Then with well structured sentences, carefully chosen words, and a flurry of flashing cameras they made promises. They smiled. They waved. They made us fall in love. Dammit. Kenya was swooning at the charm of these two play boys. They were Kenya’s Mr. Right. We fell in love with their words and their almost boyish charm. We cheered when they came on television, rushed for autographs when they visited towns and praised them when they did everyday normal mwananchi stuff. Such down to earth fellas. Lunch? At a kibanda? While the average chap is saving up for terrific Tuesday to impress a lass whose weave costs less than a pizza slice. Come on what’s not to love.
Little did we know it was a ploy to take our pants off, bend us over and fuck us over. A good one.
Along the way there were signs. Like promises they had made. Promises about our future, the children. Everybody loves children. People that hate kids eat cat testicles and pee battery acid. They did not deliver. But like lovesick puppies we ate their excuses. This law. That law. We will still do it anyway. And we agreed. A promise is still a promise kept if it’s delivered, right? Yeah well I thought so too.
But still along the way we saw too many signs. These guys were not who they said they were. They were no knight in shining armor. But still, blinded by love and misguided trust, we kept faith. We were told many things. Oh it’s the opposition. They are stonewalling all our initiatives. They cannot let us work. And we hated the opposition. Who are they to stop our guys from working? Such bitterness? Shame on them. But the finger pointing went back and forth so much that it got tiring. We got tired. I got tired. But I waited. We waited. Maybe the opposition would shut up.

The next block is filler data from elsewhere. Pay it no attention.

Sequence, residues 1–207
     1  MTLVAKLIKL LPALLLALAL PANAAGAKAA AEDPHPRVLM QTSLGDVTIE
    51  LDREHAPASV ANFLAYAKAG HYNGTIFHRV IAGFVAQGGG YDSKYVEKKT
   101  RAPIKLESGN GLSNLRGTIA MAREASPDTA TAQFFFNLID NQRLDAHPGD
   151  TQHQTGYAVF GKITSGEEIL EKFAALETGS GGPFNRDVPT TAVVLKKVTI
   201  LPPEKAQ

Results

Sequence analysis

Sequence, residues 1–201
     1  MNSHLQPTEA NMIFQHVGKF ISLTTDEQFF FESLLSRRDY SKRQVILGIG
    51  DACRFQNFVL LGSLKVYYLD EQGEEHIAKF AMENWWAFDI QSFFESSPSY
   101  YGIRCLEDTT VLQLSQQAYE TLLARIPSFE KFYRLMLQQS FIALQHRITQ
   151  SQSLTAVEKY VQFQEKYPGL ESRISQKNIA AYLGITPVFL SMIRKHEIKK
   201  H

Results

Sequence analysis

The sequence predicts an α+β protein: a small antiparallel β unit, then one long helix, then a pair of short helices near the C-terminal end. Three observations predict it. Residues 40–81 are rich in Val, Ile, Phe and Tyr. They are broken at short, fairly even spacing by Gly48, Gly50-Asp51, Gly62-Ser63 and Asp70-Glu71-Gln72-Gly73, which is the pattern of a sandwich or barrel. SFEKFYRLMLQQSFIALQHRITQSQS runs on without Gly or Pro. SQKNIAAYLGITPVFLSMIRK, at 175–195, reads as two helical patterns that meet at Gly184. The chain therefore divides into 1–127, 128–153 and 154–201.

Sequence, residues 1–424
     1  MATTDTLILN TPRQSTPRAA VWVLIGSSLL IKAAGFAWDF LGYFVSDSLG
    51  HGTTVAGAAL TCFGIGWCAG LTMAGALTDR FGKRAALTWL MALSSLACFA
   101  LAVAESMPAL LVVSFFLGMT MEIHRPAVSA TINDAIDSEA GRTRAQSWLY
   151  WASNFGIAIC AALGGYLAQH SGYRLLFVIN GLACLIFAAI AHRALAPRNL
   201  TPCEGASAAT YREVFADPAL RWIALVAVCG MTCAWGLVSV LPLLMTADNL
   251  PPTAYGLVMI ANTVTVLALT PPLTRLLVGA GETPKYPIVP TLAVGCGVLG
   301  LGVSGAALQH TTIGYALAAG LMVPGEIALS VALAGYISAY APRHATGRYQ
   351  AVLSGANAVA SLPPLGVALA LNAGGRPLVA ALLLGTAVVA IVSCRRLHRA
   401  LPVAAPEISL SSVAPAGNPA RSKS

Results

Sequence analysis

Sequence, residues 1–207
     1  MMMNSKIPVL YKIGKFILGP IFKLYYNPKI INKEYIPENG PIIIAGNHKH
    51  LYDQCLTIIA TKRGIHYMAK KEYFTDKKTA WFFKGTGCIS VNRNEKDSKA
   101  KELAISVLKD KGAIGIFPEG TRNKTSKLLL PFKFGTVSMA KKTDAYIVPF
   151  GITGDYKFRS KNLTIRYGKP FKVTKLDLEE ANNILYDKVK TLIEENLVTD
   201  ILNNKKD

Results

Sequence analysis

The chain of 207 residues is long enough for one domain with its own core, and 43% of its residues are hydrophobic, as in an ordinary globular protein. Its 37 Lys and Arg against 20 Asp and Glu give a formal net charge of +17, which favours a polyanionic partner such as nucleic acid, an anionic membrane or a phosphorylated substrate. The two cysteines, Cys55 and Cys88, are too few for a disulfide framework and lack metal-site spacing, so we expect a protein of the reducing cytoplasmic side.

Wishful thinking. They never did. Instead things got worse. Our charming princes dipped their hands into our pockets and stole from us. Repeatedly. Like it was a fun thing to do. When we asked, they shrugged their shoulders and said it wasn’t us. Like a Shaggy song. They smiled and waved for the cameras and talked about how they’d find our money. My money. Lies. It was right there in their pockets. Either that or that bulge was because they were happy to see me. Us. But we forgot. We always forget.
Then, they did it again. This time worse than before. And we cried. I cried. I don’t have enough to go around anyway. I’m the guy at the bar looking for the cheapest beer. Why steal from me? Doesn’t make sense. So this time after a ruckus they shrugged again. In their eyes you could see how ungrateful they were. Wondering who we were to ask about our money. So they shrugged away our concerns and asked us what we want them to do. Couldn’t we see it was over their heads?
So we let it go. I let it go. After all if boy band over there couldn’t do anything how could I? How could we?
So now boy band with all their broken promises and abusive relationship with me. Us. Wants to charm me again. I am not even having it. I cannot have it. They hooked up with some other boy band and did a song. To serenade me? Please. Instead of singing about electricity go and provide it. Yes? And dancing? For who? Me? Please dance out of my life. Our lives. And take that train with you. It’s long enough to carry all your failures, our disappointments and the rest of the hidden loot.
I have 99 problems and the government is all of them.
Now who’s buying me a drink?